Rabbi Joseph Hurwitz (1847-1919), known as the Elder of Novardok (a city in Belarus) taught that, “When the world means nothing, life means everything.” I have always looked at this quote as a message that we have to stand our ground sometimes. We shouldn’t always do things that the masses are doing, especially if it goes against our value system. When we stop worrying about what others think is when we can have opportunities to do what we know is the right thing in life. This is something that we can’t lecture our kids about; it is something that we have to show by example. I am no poster child for leading by example all the time. I am, however, blessed with three great kids who are learning the importance of doing the right thing, which is a foundation of Judaism.
Neil Harris and his family live in West Rogers Park and, aside from being uncool, he works in commercial finance and writes monthly for Oy! Chicago.
Originally posted in JUF NEWS-May 9th, 2014
Once in a while, I merit to have a good idea come down to me from Hashem. I admit, it is pretty rare, but when it does happen I am pretty darn grateful.
Prior to Pesach I had made plans with 4 other families to go to a White Sox game with my kids on Thursday of Chol HaMoed. I knew that within our group we would have 7 adult males (4 fathers and 3 post Bar Mitzvah boys). I decided to put the word out on Facebook, Twitter, and emailed a bunch of fellow residents of the Chicago area to see if we could get a Maariv minyan at the beginning of the 7th inning. Quickly I got a response from a friend that he would be there and also 2 other guys. Then another guy (didn’t know him prior to the game, but I’m glad I’m friends with him now) and his son said they would join in, too. As we got to the stadium and parked, my son noticed a car of 3 other guys parking right next to us and I quickly told them about the minyan, as well.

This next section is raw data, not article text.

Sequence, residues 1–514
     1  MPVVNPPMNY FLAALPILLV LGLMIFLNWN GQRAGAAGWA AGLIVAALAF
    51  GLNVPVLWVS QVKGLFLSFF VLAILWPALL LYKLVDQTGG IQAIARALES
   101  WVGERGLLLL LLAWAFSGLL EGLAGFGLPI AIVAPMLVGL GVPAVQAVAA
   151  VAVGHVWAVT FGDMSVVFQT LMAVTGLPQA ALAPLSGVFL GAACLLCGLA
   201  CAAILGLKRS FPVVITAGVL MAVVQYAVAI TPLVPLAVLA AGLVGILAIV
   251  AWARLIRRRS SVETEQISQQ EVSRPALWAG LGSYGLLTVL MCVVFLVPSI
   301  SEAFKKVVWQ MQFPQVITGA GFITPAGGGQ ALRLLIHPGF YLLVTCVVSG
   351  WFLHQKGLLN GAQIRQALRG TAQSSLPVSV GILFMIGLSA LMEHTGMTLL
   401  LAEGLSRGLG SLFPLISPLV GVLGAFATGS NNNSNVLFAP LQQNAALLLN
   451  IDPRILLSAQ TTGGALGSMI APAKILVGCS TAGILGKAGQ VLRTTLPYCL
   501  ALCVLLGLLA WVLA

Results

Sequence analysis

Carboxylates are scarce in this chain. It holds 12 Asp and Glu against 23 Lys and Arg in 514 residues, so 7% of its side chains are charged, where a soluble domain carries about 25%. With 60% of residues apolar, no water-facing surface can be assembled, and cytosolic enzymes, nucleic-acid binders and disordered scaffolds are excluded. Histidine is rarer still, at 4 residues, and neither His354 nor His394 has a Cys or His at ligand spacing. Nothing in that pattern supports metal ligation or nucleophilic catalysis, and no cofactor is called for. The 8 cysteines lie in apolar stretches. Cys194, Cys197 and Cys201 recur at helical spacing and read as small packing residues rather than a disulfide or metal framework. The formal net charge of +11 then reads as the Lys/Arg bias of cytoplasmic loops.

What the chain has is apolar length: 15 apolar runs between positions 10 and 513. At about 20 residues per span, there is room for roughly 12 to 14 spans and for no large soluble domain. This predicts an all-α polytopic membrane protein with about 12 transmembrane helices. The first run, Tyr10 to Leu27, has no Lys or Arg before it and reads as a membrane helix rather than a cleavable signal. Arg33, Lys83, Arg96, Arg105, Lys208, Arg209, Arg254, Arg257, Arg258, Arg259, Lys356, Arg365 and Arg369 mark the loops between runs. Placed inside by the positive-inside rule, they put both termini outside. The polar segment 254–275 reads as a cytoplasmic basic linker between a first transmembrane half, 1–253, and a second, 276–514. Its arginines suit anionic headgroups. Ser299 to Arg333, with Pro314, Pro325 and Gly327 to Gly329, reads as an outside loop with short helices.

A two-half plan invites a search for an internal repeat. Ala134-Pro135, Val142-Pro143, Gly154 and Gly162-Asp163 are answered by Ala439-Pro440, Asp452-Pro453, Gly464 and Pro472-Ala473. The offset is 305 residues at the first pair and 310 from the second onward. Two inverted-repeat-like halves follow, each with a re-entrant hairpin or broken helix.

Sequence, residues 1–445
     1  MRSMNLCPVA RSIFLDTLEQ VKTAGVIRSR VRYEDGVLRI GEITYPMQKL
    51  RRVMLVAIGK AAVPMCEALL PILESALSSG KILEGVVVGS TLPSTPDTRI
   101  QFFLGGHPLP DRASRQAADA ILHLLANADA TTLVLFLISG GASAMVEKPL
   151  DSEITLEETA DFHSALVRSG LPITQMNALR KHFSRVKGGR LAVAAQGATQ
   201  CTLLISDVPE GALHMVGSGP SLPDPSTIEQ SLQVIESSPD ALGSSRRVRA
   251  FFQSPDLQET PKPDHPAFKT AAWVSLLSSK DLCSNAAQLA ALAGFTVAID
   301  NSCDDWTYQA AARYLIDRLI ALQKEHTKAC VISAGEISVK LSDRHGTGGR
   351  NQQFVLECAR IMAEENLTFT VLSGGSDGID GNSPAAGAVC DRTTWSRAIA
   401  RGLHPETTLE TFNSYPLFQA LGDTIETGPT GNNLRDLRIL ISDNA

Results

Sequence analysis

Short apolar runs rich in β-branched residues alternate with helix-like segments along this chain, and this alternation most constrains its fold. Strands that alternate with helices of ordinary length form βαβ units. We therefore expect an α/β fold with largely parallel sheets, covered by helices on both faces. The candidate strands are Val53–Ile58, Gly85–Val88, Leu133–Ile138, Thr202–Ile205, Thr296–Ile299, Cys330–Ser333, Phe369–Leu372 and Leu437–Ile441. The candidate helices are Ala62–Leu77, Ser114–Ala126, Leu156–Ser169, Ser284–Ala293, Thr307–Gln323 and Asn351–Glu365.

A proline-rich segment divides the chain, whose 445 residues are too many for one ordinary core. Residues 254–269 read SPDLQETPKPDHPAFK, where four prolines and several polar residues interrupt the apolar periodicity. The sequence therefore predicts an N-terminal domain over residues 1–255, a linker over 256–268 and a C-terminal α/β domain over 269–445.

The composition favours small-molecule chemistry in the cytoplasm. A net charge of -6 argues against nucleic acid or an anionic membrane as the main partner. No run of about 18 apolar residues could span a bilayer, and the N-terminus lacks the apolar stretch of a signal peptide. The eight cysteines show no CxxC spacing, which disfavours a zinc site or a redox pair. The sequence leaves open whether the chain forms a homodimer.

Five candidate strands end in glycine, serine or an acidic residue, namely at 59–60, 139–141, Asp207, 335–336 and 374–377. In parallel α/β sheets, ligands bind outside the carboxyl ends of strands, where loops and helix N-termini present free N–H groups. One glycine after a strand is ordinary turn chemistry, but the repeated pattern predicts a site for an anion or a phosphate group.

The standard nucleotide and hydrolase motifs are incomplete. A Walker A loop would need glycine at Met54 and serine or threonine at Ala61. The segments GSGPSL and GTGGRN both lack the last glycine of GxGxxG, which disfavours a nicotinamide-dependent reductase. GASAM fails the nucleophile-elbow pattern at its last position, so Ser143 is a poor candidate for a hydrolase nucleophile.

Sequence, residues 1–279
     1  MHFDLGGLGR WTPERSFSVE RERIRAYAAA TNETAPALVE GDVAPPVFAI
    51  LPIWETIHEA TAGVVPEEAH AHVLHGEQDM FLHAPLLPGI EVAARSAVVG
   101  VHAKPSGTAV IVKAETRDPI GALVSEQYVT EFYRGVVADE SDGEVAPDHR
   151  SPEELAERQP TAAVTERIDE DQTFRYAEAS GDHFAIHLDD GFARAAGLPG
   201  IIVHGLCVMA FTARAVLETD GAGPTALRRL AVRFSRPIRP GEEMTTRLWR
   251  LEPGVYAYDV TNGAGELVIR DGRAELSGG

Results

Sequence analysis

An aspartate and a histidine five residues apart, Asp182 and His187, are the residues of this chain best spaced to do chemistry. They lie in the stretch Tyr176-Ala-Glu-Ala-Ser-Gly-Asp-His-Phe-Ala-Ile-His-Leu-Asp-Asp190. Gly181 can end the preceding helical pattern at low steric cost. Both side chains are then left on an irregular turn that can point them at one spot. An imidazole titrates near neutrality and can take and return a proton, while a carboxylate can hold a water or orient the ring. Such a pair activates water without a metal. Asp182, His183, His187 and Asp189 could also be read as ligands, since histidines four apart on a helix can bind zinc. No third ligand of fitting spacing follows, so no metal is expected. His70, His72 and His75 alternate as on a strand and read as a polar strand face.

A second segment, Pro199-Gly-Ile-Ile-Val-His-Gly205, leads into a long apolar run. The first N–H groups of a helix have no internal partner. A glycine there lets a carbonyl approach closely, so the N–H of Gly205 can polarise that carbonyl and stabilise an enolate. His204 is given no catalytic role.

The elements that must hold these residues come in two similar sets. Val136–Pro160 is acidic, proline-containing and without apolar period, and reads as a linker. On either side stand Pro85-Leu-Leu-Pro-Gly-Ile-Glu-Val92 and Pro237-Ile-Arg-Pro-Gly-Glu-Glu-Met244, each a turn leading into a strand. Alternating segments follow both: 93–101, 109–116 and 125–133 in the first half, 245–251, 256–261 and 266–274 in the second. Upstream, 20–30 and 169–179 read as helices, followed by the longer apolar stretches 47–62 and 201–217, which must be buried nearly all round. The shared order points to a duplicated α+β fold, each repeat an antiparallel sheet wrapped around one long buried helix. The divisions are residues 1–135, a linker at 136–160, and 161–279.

When it came time to daven we had just over 17 people, including someone saying Kaddish and someone who had a Yahrzeit. The Sox lost, but I don’t think it was related to our minyan.
Here’s the important part, really. I’m not posting this because I’m looking to blow my own shofar, I’m posting this because each of us has a way we that we can help others and add to the “quality” of our community (or a community of baseball fans). I often go through periods when I know I should be doing more with myself on a communal level. I know there’s, like, volumes more what I’m meant to be doing for Klal Yisrael beyond my role within my family and immediate friends, but I just don’t (for a number of reasons). I know that I am not alone in feeling this way. I’m, again, grateful that I was open to receiving an opportunity this time and acting upon it…this time.
This Tuesday, April 1, 2014 the day school community of Chicago has an opportunity to hear from on the experts on Bullying, Dr. Rona Novick.* Not only is she a nationwide expert on this subject, but she an amazing and engaging speaker.
Day School Parents, Educators & Board Members
are cordially invited to attend a Dessert Reception
on behalf of the Jewish United Fund
Bully, Bullied or Bystander: The Roles Children Play
Featuring nationally acclaimed guest speaker
Dr. Rona Novick
Tuesday, April 1, 2014
Desert reception – 7:15 PM – 8:30 PM
Holiday Inn North Shore
5300 West Touhy Avenue, Skokie